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					                                               Criticism


         Definition: (from the Greek word for the act of discerning or judging) 1) a: the act        of
criticizing, usually unfavorably b: a critical observation or remark c: CRITIQUE 2) the art          of
evaluating, interpreting, or analyzing with knowledge and propriety, especially works of art         or
literature     3) the scientific investigation of documents or artifacts in regard to such matters   as
origin, text, composition, character, or history.

         Historians spend much of their time combing through documents and artifacts: speeches,
novels, diaries, census rolls, court records, paintings, photographs, ruins, pottery, and whatever else
might help them understand the past. They look, of course, for evidence that might confirm or deny
hypotheses about the past. But they also look for inspiration: for new questions about the past and
present, and for new insights into how the world came to be as it is.
         The historian's search for explanation and inspiration would not take long if each document
or artifact came with a sheet of questions and answers and with a guide to further study printed on
the back. But documents and artifacts do not interrogate themselves, nor do they spout answers or
suggest further questions. How then can we tease information and inspiration out of them? By
engaging in "criticism"--by adopting a critical stance toward documents and artifacts.
         What is criticism? It is a method of inquiry--a way of asking questions--which helps
historians and other humanists understand the meaning and significance of documents and artifacts.
 That inquiry begins, according to James Davidson and Mark Lytle's After the Fact (3rd ed., pp. 55-
67), when the critic reads a document or looks at an artifact to understand its "surface" content or
meaning. What this means is that the critic evaluates a text or object initially from her or his own
perspective, describes it in contemporary terms, judges it by contemporary standards, and weighs it
against contemporary alternatives. What does it seem to say? How might we use it? Does it seem
true? Useful? Beautiful? Logical? Or does it seem wrong? Inefficient? Ugly? Irrational?
Would we write the same words or make the same objects today?
         The goal of these questions is to initiate a dialogue between the past and present. For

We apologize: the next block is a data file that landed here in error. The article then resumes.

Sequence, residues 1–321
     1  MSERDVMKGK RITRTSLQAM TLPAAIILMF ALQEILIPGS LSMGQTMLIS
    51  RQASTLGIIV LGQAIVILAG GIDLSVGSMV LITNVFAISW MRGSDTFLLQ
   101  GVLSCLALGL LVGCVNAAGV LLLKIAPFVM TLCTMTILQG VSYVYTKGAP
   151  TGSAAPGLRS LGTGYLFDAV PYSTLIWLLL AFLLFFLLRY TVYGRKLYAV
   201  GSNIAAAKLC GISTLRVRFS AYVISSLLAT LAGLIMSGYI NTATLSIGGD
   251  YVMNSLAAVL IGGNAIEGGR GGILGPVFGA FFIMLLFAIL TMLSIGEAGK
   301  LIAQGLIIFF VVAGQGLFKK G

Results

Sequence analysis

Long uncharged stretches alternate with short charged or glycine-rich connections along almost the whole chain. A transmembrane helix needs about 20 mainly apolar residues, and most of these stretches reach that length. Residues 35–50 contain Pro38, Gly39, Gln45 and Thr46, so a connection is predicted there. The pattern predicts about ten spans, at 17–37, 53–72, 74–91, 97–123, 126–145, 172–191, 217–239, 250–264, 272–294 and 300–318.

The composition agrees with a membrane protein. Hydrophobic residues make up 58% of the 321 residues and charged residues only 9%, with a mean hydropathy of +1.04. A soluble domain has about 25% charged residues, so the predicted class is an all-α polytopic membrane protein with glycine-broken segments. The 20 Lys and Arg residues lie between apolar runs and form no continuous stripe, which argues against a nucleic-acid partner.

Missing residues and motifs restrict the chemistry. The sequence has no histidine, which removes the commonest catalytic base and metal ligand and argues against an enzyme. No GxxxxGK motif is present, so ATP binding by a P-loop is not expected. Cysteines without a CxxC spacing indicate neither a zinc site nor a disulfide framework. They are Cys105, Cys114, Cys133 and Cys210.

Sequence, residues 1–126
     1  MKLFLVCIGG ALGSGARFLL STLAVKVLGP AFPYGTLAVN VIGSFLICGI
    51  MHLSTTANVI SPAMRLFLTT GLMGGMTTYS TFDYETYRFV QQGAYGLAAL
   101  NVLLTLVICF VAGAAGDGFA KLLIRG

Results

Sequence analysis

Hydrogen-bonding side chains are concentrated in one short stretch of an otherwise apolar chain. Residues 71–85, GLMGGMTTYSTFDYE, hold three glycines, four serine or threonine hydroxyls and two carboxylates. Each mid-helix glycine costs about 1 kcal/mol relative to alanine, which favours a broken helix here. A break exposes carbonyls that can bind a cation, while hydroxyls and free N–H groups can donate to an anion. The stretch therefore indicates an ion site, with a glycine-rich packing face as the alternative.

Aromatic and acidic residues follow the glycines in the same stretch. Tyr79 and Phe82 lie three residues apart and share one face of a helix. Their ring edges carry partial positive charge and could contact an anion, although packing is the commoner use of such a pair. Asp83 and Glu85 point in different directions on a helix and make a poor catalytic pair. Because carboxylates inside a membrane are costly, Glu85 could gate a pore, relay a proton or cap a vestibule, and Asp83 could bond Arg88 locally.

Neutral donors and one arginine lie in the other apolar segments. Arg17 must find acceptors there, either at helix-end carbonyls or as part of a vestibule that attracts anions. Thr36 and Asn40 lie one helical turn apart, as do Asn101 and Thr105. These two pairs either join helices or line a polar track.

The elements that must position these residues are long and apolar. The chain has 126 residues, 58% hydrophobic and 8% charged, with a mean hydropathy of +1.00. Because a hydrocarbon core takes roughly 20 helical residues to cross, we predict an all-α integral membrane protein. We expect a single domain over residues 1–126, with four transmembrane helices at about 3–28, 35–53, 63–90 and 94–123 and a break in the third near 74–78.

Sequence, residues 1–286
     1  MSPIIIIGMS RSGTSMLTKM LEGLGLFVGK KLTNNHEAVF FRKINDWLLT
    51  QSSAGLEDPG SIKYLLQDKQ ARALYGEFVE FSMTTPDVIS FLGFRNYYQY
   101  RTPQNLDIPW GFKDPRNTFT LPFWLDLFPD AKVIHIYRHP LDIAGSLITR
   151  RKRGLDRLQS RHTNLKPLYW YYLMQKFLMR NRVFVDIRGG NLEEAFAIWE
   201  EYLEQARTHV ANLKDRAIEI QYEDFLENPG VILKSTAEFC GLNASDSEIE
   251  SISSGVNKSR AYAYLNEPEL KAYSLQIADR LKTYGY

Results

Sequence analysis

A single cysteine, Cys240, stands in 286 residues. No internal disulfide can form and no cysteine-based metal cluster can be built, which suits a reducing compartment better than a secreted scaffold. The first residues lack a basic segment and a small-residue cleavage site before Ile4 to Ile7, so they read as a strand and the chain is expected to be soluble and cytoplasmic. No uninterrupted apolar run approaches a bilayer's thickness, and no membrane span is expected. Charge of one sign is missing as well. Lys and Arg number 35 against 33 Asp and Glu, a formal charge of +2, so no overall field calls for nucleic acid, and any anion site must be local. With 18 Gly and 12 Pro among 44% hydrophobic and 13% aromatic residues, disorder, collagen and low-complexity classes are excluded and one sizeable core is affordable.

example, we may wonder why George Washington didn't smile for his portraits, why he posed or
was presented unnaturally (his posture ramrod straight, his left knee slightly forward, his right hand
on his breast, even when he was crossing the swift-moving Delaware River in a small boat in the
dead of winter in the middle of the night) and why he dressed elaborately (expensive military
uniforms, powdered hair, ruffled shirts, short pants, high stockings). His clothes are aristocratic, his
poses mannered, and his expressions severe. The portraits seem remote, strange, haughty, and
inadequate to serve their commemorative purpose. Our recent presidents--Ford, Carter, Reagan--
would rather leave a candid (albeit smiling and flattering and friendly!) photograph than one of
these portraits. They own tuxedoes and military uniforms, and they have worn them in the service
of their country. But in their publicity pictures and official portraits, they wear casual clothing or
tailored suits.
         These thoughts do not tell us much about the meaning and significance of portraits of
George Washington. Looking at the portraits through our own eyes, we may focus on what we
consider strange or repellant and miss what was most important for the artist, the subject, or the
audience. We may misinterpret what we do see. But these thoughts set us on our critical course.
They cause us first to think about ourselves from a different point of view--as if we were strangers
to our own culture. Why does Ronald Reagan smile for photographs? After all, he doesn't smile
most of the time. Why have photographs supplanted painted portraits? Is it only because they are